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Trader bets $1 million against this Apple supplier

Taiwan Semiconductor may have seen terrific gains this past year, but some traders are betting that the stock's run is over.

The Apple supplier is up 10 percent so far in 2015. Yet on Thursday, traders placed bearish positions that would start to make money if those gains are nearly wiped out.

Thursday's put volume in the stock was twice its daily average. In particular, a lot of buying took place in the July-expiry 25 puts. Over 6,000 traded at an average price of $1.80 each. The total trade represents over a million dollar bet that the stock will give back all of this year's gains in the next three months.

"That essentially means that you are giving up all of this year's gains to hedge for 120 days," explained CNBC contributor Mike Khouw. "So if they are hedging anything, it isn't this year's gains that they are concerned about and they are looking for protection that kicks in almost immediately."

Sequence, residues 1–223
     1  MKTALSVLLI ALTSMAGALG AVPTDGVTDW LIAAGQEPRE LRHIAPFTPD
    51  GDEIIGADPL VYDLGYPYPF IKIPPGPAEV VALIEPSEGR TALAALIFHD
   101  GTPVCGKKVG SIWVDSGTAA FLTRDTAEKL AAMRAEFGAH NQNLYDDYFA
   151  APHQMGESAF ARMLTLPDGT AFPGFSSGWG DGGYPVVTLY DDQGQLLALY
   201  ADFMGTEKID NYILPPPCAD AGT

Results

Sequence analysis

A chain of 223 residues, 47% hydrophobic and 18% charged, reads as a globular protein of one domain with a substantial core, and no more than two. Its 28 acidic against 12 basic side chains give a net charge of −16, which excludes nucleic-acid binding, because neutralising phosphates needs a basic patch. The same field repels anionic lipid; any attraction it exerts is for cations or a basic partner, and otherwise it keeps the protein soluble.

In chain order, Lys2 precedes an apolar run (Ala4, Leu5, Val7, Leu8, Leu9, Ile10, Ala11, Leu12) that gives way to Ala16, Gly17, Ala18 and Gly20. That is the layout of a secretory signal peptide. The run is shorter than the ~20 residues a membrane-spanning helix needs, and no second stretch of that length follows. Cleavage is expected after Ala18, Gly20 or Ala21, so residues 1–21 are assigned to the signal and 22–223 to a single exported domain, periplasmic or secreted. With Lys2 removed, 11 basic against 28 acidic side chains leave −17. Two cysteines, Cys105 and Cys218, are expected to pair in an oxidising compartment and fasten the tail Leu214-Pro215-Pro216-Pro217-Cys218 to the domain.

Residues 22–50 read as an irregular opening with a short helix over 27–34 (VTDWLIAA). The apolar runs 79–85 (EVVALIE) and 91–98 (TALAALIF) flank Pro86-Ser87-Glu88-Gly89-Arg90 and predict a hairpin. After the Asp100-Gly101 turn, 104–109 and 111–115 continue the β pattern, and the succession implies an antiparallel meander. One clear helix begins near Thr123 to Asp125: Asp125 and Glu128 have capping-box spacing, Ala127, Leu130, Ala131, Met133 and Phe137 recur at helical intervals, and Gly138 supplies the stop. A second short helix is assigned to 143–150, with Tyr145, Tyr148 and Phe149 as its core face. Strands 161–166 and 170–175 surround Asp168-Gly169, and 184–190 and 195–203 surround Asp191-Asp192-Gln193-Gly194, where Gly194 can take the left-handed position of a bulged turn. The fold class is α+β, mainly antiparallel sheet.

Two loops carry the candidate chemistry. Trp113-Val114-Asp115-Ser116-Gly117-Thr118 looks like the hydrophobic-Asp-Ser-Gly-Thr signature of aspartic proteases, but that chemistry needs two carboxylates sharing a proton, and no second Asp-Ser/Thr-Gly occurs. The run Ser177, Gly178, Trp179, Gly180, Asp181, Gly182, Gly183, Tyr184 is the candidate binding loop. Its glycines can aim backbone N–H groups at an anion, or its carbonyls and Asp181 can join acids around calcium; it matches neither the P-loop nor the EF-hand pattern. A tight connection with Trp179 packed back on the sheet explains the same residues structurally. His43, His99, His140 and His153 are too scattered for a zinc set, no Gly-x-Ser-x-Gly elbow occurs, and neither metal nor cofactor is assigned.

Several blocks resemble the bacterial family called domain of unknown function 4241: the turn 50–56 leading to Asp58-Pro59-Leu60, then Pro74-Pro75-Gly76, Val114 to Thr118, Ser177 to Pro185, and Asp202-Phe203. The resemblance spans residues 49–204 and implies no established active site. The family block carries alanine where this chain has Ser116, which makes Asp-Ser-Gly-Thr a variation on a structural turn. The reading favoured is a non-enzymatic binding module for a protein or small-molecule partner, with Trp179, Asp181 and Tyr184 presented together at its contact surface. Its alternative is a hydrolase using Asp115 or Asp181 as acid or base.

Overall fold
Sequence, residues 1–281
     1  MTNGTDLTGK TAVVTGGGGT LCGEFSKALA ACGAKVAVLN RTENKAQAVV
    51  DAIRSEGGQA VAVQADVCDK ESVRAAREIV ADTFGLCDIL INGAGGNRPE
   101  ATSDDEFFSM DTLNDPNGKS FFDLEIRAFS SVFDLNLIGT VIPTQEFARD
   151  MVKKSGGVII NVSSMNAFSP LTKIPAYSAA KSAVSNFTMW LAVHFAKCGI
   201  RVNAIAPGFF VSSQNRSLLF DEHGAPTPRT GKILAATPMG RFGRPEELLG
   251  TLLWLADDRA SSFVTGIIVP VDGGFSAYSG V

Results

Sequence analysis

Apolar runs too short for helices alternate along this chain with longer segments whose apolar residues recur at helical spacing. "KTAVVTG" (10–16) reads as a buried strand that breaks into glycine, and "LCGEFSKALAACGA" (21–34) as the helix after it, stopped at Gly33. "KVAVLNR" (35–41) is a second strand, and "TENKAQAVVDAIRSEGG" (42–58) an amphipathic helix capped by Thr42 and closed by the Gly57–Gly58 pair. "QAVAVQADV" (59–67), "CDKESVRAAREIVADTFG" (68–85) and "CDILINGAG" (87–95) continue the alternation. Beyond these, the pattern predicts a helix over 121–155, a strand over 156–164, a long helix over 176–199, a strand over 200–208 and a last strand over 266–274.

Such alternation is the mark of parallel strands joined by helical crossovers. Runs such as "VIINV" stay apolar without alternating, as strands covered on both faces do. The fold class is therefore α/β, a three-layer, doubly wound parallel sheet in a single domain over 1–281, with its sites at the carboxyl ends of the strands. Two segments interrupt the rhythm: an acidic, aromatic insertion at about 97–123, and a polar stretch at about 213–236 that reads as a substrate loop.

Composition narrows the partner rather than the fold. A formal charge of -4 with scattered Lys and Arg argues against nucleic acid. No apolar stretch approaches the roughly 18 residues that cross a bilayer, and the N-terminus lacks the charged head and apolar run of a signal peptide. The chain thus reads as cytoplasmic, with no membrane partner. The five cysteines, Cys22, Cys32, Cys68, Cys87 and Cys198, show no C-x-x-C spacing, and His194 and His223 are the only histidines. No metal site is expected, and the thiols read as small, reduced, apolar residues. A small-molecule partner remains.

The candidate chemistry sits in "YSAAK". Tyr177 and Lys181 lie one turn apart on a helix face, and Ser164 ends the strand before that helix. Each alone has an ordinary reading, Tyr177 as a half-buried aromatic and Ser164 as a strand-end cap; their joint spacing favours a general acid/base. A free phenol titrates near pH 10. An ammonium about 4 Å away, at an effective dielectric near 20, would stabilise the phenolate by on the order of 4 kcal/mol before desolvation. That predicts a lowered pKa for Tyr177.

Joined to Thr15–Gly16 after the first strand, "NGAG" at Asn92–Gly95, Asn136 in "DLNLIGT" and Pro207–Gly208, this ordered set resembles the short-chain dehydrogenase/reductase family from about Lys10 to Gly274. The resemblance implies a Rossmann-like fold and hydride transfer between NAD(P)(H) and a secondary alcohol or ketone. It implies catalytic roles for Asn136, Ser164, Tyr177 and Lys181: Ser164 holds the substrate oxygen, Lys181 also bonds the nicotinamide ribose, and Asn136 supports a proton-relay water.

The Taiwan Semiconductor Manufacturing Co. (TSMC) logo
Maurice Tsai | Bloomberg | Getty Images

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The bearish sentiment wasn't limited to that single large block. Throughout the course of the day, puts outpaced calls by a ratio of 15 to 1. A put option is a bearish bet giving its purchasers the right to sell a stock at a given price on a future date whereas a call option is a bullish bet giving its holders the right to buy a stock.

Interestingly, the massive put-buying on Thursday comes just two days after a report by Cowen and Co. analyst Timothy Arcuri speculating that Taiwan Semi will supply most of Apple's next generation of processor chips, the A9. A month ago, it was reported on Re/Code that rival Samsung would be the one making the chip.

"This is an interesting name because it has largely confounded the Street, whose average price target is below the current stock price," notes Khouw. "But the bearish sentiment has not been reflected in the price action."

Data compiled by Thomson/First Call show Taiwan Semi's average analyst price target is $24.04 per share, 62 cents below Thursday's closing price of $24.66. The stock has been riding high for quite some time; it is up 33 percent in the last 12 months and has doubled in price in the past four years.

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    Melissa Lee is the host of CNBC's “Fast Money” and “Options Action.”

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